Tips for Getting a Child to Listen

Parenting can be one of the most rewarding experiences of life, but it can also be one of the most trying and stressful. Being a successful parent begins with one of the hardest aspects of being a parent, which is getting a child to listen to the person that is caring for them. A few simple tips will increase the communication levels without causing any excess amounts of stress or uncomfortableness for either the parent or the child.

Learn How to Listen

The first tip for getting a child to listen is to learn how to actually listen to them. There is an enormous difference between hearing what they say and actually listening to them. It is imperative to sit down with him or her, turn off the television and radio, as well as the cell phone or home phone, and give them full attention. As the discussion progresses, constantly repeat the main points back to them. Repeating statements will not only let him or her know that they are being heard, but it will increase the understanding because specific points can be clarified before moving on with the conversation. Taking the time to listen to a child is an important tip to learn and master because they will respond by giving the parent the same type of respect and attention when the discussion is instigated by the adult.

Speak on the Child’s Level

The second tip for getting a child to listen is to communicate on their level. Each child, and each age group, has different levels of vocabulary and communication skills. Lower the level of speech and decrease the levels of expectations accordingly. One basic rule to remember is that if they cannot understand, they will not respond in a positive way. This leads to vast amounts of frustration and impatience on both sides which will end in a conversation that is meaningless and can even cause hard feelings.

Get to the Point

Children have short attention spans, so get to the point of the conversation. Getting to the point may be hard at times because if they are trying to say something, but are afraid of the outcome, they may only hint at the subject or problem that they are trying to discuss. As a parent it is necessary to read between the lines of the conversation and quickly decide what he or she is trying to say, and when discovering the main point of the conversation the discussion can get to the point. A child will take this switch in the conversation as the parent actually listening to them, and understanding them, which will make it easier for them to discuss the actual subject at hand.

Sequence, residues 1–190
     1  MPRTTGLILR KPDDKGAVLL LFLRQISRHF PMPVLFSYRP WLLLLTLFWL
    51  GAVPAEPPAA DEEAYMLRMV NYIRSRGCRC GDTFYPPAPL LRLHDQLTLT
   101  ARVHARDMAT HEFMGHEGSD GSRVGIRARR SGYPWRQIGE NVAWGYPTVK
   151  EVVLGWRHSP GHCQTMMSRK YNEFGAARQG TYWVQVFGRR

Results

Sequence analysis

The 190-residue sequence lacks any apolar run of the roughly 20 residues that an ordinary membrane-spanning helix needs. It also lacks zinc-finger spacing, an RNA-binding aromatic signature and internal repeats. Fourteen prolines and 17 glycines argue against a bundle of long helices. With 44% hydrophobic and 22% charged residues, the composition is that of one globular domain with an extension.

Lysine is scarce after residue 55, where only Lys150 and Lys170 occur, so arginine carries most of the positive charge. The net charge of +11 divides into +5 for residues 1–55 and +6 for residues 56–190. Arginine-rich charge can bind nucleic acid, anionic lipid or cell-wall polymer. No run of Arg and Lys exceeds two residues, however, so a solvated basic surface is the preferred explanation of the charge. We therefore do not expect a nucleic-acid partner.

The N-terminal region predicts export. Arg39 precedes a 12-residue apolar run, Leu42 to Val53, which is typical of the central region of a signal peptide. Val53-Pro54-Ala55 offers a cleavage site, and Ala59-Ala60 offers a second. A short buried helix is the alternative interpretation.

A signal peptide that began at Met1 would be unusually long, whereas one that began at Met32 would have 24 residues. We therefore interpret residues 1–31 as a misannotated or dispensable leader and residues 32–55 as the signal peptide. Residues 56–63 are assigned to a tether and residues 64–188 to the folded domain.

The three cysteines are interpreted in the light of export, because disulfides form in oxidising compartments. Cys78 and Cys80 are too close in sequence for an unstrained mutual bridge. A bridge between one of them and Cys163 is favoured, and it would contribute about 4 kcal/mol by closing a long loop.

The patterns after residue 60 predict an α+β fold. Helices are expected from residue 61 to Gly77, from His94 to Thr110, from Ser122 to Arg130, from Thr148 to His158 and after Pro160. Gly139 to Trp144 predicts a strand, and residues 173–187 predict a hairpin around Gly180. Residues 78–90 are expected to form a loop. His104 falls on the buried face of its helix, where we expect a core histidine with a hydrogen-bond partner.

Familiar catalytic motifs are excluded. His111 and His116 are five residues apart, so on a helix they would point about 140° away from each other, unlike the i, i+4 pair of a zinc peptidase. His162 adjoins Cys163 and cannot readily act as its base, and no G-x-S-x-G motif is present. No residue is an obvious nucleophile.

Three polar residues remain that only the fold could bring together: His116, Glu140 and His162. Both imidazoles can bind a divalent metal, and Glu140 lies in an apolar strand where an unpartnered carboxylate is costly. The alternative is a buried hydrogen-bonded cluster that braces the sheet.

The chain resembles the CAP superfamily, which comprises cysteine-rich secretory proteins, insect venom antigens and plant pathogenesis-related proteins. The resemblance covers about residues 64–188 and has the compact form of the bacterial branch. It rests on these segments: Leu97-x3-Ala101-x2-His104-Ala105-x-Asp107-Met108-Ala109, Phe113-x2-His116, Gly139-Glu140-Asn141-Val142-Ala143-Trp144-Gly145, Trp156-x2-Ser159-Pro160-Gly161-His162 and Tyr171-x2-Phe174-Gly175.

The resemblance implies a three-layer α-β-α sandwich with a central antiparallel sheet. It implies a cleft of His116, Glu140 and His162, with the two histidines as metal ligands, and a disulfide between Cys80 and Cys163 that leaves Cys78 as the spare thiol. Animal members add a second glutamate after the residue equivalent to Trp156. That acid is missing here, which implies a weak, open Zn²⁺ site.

Avoid Yelling

The final tip to getting children to listen is to avoid yelling at all costs. This form of communication has been shown to have a reverse effect upon communication between individuals, especially when it comes to children. Once they notice a raised voice their defenses will go up, effectively ending the discussion, as well as their willingness to listen and communicate opening and honestly. Remain calm no matter what subject comes up, and keep voice levels at a normal tone.

About Marion Witte

Marion Witte was born and raised on a farm on the prairies of North Dakota. It was there that she acquired her Midwestern work ethic and her philosophy of helping others. Marion enjoyed a successful career as an entrepreneur, and upon selling her various business interests she began pursuing a life of philanthropy. She is passionate and outspoken about the need for radical changes in the way we view children and parenting. Her memoir “Little Madhouse on the Prairie” relays the story of her life, and it is the basis of her commitment to this work. She founded and manages the Angel Heart Foundation and its sister organizations “Next Generation Parenting” and “Brave New Leaders.”

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